On some level, college sports programs exist to train students how to be professional sportspeople (which includes things like becoming a professional middle school sports coach). No different, conceptually, than any other major. The fact that supply far outstrips demand just means lots of college sports students end up doing different jobs out of school, just like a creative writing major might end up working in an unrelated field.
But sports are weird and mysterious to me. They seem to integrate so strongly into people's identities that they're willing to overlook any number of rational issues with them. At times it becomes downright bizarre and cultish - Penn State football. I think sports are mildly interesting, but nowhere interesting enough to have the esteemed place of prominence that it has in the educational system.
When I was growing up, I studied in my school's music program, and I remember attending many school board meetings where we had to justify our existence to receive any funding at all. We squeaked by with a combination of reducing budget, bake sales, corporate donations and a teacher going unpaid for a semester. And there were other challenges, ancient equipment, incomplete scores and no money to buy more (outfitting a 100 piece orchestra with music to read off of is very expensive) and on and on. We got very good at fundraising.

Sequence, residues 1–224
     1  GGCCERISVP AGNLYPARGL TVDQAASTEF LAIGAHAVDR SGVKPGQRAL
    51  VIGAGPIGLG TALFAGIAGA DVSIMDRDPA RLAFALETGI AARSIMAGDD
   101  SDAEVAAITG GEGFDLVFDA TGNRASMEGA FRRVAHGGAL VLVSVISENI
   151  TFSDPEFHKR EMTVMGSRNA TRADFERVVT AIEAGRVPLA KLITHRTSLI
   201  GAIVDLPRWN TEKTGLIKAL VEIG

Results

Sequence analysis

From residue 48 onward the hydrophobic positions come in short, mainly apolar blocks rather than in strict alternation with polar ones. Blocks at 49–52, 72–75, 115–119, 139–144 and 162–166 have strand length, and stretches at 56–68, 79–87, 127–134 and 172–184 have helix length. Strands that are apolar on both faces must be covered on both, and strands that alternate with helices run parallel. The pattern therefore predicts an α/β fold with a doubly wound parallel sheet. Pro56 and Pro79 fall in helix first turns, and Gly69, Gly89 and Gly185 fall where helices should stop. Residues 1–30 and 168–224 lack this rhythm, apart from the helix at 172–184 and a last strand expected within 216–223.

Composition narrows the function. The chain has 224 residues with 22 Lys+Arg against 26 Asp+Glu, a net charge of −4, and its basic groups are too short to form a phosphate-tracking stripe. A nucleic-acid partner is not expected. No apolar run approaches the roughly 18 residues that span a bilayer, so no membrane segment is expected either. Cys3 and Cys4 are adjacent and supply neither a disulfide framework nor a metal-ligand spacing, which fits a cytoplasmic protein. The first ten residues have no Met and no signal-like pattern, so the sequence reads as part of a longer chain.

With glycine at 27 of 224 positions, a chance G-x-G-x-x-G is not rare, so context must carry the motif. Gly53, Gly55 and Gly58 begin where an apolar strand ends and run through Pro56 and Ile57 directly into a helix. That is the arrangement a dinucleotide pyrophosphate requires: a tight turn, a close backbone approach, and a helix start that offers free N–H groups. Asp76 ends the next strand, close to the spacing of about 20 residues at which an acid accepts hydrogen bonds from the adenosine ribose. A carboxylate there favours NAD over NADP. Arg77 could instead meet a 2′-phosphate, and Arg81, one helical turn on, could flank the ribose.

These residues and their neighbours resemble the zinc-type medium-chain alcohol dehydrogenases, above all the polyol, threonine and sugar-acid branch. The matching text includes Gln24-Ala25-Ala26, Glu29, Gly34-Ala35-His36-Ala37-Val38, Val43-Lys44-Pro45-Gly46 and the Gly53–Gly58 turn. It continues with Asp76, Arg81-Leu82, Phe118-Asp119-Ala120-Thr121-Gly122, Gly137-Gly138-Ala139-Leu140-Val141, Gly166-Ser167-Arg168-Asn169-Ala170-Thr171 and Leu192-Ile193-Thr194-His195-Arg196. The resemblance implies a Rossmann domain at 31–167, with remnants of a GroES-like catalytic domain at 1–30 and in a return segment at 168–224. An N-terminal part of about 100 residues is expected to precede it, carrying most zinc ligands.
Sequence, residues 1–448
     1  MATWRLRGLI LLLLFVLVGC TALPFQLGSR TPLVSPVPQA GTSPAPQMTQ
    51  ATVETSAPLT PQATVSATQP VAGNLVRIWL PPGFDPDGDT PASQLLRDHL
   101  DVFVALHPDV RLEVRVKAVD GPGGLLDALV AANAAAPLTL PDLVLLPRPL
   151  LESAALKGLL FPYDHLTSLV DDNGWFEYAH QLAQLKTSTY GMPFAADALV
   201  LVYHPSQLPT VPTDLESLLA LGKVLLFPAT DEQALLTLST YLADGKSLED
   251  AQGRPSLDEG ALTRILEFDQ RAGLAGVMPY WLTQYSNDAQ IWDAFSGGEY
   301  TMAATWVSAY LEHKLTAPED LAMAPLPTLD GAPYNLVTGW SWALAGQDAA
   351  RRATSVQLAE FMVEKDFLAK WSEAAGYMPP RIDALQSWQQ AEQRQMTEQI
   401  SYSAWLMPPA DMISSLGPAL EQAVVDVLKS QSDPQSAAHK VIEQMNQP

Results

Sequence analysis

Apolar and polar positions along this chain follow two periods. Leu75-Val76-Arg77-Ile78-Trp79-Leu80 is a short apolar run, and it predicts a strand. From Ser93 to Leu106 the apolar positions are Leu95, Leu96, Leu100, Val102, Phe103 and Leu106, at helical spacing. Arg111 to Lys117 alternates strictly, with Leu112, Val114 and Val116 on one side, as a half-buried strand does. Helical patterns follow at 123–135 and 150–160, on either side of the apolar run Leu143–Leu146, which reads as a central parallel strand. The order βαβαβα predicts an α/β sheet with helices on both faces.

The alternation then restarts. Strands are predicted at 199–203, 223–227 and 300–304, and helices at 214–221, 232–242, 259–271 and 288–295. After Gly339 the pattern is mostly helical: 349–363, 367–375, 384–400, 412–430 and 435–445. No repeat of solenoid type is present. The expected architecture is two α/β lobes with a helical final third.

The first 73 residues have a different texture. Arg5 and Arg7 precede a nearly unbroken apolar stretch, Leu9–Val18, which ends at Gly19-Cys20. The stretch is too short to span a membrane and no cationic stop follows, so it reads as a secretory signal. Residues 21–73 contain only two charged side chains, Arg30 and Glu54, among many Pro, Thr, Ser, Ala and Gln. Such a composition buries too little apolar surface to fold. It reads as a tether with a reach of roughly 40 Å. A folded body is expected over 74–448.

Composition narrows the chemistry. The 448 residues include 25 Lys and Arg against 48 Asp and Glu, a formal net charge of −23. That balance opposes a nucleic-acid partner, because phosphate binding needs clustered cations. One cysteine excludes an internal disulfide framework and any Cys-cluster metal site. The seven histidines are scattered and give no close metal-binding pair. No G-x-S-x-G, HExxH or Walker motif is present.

Meanwhile the school sports teams got new uniforms for free every season (music kids had to either provide their own instruments or rent them from the school), equipment was mostly new, regular morning announcements let people know about sporting related events, the school newspaper was 40-50% dedicated to the sports teams and students were forced en masse to attend rallies for the sports team in the middle of the academic day. When I was there my 30 year old school got a new state of the art stadium that occupied several acres of school property. They claimed it was to support all of the students, but it was only ever used for sporting events.
Support to the music program? Not once in middle or high school was an upcoming music program event mentioned on the morning announcements, and only one time that I can recall did the school paper mention a music program -- it was to let everybody know that an exchange program hosted by the music program was underway and we were about to have a bunch of foreign students attending classes with us. Students were encouraged to make nice nice with the foreign kids and invite them to sporting events to make them feel welcome.
When my school's orchestra won a prestigious national competition it was never announced and the trophy we won wasn't allowed to mix with the sports trophies in the school's trophy case. So it sat in the music teacher's office, which was a converted janitorial room. Our yearbooks had 30 pages dedicated to action shots for the school's sports teams, the music program (4 orchestras, 3 bands and 2 choirs) had to jam onto one page. Our national win was cut in editing.